Posted on 05. Apr, 2011 in Kirchner Blog
I remember a turnaround challenge many years ago where the Company was perplexed by the fact that profitability was declining despite steady growth in sales. In fact, it seemed that sales and EBITDA were inversely related, that is, profitability seemed to decline in direct proportion to the growth in sales.
To get to the bottom of this, it required examining closely the way in which sales were conducted, and, just as importantly, how the product was delivered. This was a software company whose solution served a specific vertical. It was sold to businesses to displace existing software on the promise of a more modern architecture that would reduce internal support costs and therefore lower the total cost of ownership. There was demand for the product, but only if it were able to match the features and functionality of the incumbent systems.
Sales was doing a very good job of landing deals on the key selling features described above, but they were also, in an effort to grow the top line, and by extension, the bottom line, selling to whatever clients they could land. The company, it turns out, was insensitive to the variation in feature requirements among the dozen-or-so sub-verticals within its target vertical. The net result? High customization efforts (compounded by poor scoping, feature creep and project management) on every single sale meant that each one actually lost money. And the bigger the deal, the bigger the loss.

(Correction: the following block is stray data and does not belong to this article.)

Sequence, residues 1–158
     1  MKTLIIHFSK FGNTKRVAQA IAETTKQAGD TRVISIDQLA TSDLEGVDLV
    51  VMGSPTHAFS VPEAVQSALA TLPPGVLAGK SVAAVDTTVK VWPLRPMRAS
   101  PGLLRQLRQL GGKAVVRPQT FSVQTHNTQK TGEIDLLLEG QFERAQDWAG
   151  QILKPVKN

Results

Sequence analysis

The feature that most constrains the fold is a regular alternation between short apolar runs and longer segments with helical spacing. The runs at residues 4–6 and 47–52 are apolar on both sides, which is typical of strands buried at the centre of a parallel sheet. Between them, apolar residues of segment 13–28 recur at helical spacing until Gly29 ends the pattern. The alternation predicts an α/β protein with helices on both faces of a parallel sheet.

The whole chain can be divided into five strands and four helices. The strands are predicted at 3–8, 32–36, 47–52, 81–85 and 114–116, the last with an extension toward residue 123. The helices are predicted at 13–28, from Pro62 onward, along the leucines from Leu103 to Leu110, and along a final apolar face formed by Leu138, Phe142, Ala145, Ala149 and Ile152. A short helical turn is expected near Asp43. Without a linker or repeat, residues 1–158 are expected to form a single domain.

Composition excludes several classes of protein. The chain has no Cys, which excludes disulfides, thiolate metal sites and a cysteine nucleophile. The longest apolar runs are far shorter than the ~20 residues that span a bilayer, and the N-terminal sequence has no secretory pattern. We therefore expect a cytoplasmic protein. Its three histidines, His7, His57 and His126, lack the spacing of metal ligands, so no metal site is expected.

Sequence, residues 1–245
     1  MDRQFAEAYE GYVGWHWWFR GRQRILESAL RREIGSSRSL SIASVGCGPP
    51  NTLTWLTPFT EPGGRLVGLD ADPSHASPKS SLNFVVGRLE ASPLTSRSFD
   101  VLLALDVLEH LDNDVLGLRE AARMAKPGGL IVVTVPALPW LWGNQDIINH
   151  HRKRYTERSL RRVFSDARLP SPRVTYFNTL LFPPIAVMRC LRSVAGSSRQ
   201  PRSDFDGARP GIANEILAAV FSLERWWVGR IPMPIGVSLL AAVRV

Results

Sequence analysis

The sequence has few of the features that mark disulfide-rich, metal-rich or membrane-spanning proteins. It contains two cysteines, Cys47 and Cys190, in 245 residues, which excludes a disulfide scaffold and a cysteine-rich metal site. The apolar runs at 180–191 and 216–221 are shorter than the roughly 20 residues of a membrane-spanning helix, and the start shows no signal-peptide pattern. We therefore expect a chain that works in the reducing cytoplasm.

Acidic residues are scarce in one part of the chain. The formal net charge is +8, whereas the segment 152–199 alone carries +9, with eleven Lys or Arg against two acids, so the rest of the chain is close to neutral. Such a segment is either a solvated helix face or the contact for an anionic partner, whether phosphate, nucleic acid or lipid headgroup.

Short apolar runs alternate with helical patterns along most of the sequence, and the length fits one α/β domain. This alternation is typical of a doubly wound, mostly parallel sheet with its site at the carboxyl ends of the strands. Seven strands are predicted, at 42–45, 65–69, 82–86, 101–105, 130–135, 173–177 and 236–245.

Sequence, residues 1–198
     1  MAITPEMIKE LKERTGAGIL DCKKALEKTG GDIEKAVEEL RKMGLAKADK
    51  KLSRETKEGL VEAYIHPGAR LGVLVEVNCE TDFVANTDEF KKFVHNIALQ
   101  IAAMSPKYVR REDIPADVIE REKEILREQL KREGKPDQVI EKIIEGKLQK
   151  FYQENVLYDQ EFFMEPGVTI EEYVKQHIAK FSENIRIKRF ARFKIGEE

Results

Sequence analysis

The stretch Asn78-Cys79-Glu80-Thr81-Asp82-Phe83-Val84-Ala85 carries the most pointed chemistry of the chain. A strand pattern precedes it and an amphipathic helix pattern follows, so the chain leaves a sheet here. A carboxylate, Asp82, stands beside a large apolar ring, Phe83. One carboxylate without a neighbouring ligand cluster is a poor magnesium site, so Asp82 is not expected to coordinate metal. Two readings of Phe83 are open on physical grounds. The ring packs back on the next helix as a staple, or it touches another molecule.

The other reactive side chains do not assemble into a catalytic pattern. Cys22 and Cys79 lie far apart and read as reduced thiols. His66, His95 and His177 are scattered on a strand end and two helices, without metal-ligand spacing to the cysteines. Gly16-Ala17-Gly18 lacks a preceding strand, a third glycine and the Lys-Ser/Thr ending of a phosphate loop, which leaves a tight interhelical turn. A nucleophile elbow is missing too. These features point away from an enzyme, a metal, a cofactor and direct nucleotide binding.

Having laid that bare, the solution was to select the sub-vertical whose requirements most closely matched the software’s capabilities and to focus Sales on that sub-vertical at the expense of all others.
But that solution was only visible once the market, sales activity and solution delivery were broken down and understood, rather than viewed superficially and in their ideal state.